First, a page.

From time immemorial, the fetish for stylish footwear has lingered in our systems. Be it the Japanese Okobos or the Indian Mojaris; the American ‘All Star Converse’ or Ballet Flats or the Roman Gladiators, shoes have always been a valuable piece of handiwork

Footwear and its evolution has been an important reflection of cultural beliefs, values and traditions and hence an important part of civilization.

In India, the holy gurus could be seen wearing Padukas or toe-nob sandals. This simplistic style of footwear was made in religiously symbolic shapes, like fish. On the other hand, Indian kings and queens wore Juttis or clothed shoes, which were embroidered with precious gems, pearls, silver and gold threads.

It is a safe assumption that leather shoes and boots came to the attention of the ancient Indian only during the days of the British Raaj.

Now as and how the East India Company grew and spread across the country, the number of British officers and their families setting up a house hold here increased. This in return opened up an array of opportunities for a lot of Indian to make a living out of.

For example, because of the elaborate sense of dressing and styling of the British, the ‘Ostagars’ or tailors were born, similar was the rise of the ‘Khansamas’ or the modern day butler. Like them there were many trades and services that took birth as a result of the British ‘Nawabi’ or elaborate and expensive lord-like lifestyle. But, with time a majority of these trades died down and quietly disappeared.

Now, one such trade that has sneakily stuck around all these years is that of the ‘Joota-polish wala’ or the Shoeshiners of Kolkata. A Shoeshiner or boot polisher is a person who polishes shoes with shoe polish and a brush for a living. They mostly have fixed locations or follow a nomadic pattern.

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In popular culture, they are often known as shoeshine boys because the job is traditionally that of a male child.

While the Shoeshiners can still be seen thriving in Mumbai along the railway platforms, Shoeshiners of Kolkata have not been as lucky.

Today, the number of Shoeshiners of Kolkata has come down to a few hundred with the previous ones either setting up shop to become cobblers or seeking some other form of employment.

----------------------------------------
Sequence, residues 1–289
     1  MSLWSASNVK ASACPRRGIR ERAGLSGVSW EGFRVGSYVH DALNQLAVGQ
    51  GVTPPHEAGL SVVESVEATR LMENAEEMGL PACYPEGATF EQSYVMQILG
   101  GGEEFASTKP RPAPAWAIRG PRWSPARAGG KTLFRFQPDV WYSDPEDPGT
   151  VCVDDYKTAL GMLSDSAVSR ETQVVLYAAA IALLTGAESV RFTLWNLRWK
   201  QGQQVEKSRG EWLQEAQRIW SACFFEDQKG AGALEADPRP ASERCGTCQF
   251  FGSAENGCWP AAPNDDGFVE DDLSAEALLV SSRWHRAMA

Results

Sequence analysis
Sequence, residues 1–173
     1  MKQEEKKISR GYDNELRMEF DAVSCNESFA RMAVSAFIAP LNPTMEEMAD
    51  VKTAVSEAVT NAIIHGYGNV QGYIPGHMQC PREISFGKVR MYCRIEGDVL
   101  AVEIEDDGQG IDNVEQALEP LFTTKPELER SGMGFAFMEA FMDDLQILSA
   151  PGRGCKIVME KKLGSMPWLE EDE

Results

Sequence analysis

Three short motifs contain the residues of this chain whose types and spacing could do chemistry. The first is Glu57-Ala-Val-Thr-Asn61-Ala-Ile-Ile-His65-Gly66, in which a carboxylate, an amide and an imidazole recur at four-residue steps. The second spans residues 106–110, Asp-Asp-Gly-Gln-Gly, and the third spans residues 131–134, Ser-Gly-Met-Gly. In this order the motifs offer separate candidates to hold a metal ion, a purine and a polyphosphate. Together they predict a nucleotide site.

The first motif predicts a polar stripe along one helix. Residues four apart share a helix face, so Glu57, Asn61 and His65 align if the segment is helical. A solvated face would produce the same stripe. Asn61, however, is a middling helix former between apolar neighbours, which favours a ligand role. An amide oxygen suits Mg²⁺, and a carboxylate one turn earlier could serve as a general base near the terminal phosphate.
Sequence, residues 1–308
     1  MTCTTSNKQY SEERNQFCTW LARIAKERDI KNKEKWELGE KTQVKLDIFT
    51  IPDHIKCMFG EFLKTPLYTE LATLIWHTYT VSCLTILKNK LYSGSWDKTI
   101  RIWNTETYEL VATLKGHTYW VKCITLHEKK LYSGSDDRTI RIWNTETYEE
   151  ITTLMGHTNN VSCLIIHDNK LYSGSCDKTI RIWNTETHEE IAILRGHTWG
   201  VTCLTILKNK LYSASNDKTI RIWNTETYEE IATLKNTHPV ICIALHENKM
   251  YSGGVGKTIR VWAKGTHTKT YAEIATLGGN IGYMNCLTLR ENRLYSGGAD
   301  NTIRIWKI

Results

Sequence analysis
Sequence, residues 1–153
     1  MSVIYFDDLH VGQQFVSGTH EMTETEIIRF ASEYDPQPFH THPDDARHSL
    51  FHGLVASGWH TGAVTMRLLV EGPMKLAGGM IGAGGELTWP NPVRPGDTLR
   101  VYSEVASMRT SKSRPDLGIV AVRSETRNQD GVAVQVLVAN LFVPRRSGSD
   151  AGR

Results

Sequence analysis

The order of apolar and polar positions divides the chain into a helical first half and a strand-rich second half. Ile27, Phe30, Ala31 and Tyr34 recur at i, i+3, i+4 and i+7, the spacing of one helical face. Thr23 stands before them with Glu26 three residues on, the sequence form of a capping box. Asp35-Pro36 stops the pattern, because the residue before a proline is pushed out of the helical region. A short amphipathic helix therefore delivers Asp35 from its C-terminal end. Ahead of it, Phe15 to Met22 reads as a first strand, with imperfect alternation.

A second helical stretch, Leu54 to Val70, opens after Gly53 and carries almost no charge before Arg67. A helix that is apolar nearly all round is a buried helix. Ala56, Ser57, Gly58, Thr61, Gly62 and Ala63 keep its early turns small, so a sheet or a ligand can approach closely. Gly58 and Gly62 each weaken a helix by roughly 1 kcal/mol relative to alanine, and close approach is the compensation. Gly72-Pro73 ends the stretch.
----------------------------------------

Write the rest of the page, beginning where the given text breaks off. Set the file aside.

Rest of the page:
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We caught up with a few of the Shoeshiners around Park Street to get a first-hand knowhow.

While there are some Shoeshiners in Kolkata that can trace their legacy back to the days of the Raaj, majority of them came to the city from neighboring states. They either picked up the skill from existing relatives into the trade or began from scratch on their own.

Shoeshiners of Kolkata go around the city carrying their typical wooden box with a handle that also serves as a pedestal for the customers to rest their foot on for polishing.

The box contains: Needles, threads, wax, gum, shoe polish, shoe brush, tooth brush, cream, small nails.

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A Shoeshiner who began working in Kolkata in 1971 said “When I began polishing, I used to get 5 paise for a polish job. And the ones who used to give us 10 paise or 25paise (4 anna), we had the habit of giving them a salute”

One Shoeshiner who has been setting up shop at Park Street every evening from 1992 said “there have been times when I’ve gone home without a rupee in my pocket and there have been days when foreigners, overjoyed by my service have handed me a Rs 500 note”

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Shoeshiners of Kolkata are those building blocks of the city who may go unnoticed, but without them, the city will simply lack its ‘shine’!

2 COMMENTS

  1. Hi Guys
    Of course this includes the female journalists as well.
    Listen…….your magazine is awesome. Seriously Awsome!
    I found it by mistake, (your magazine) while looking on the web for the ‘fort’ near the Pathuriaghata Post Office.
    I’m a massive fan of Kolkata. I could just about bore you to tears about all the fascinating things that I’ve seen and done in your city. And believe me when I say “I’ve seen nothing”.
    It never ceases to amaze me how many backpackers from Sudder Street have seen so little of your city. And it never ceases to amaze me how many times over the last few years that those that I’ve shown around, say to me ” how do you find all these wonderful things?, just walk the streets, just walk and look with you heart and eyes. Not forgetting the other sences, by any means. ( OK, so the heart is technically not a sence, but it should be)
    Just a short note to say a very big thank you all staff for bring so much joy ( and jealously, as I’m not currently in Kolkata at the moment) to my life and I cannot wait to return. I’m counting my paisas as I write, just to see if I’ve enough for the flight.
    And finally, I’m an older backpacker from Australia who’d love to avoid Sudder Street at all costs ( there’s nothing wrong with it, but it’s just not ‘me’).
    Sadly, there isn’t much in the way of quiet accomodation around Girish Park.
    One Hopes
    One Dreams
    One Lives
    I look forward to my next visit, God willing, early next year.
    Alas, for the moment, I’m just counting paisas.
    Best wishes
    Stuart Buchanan

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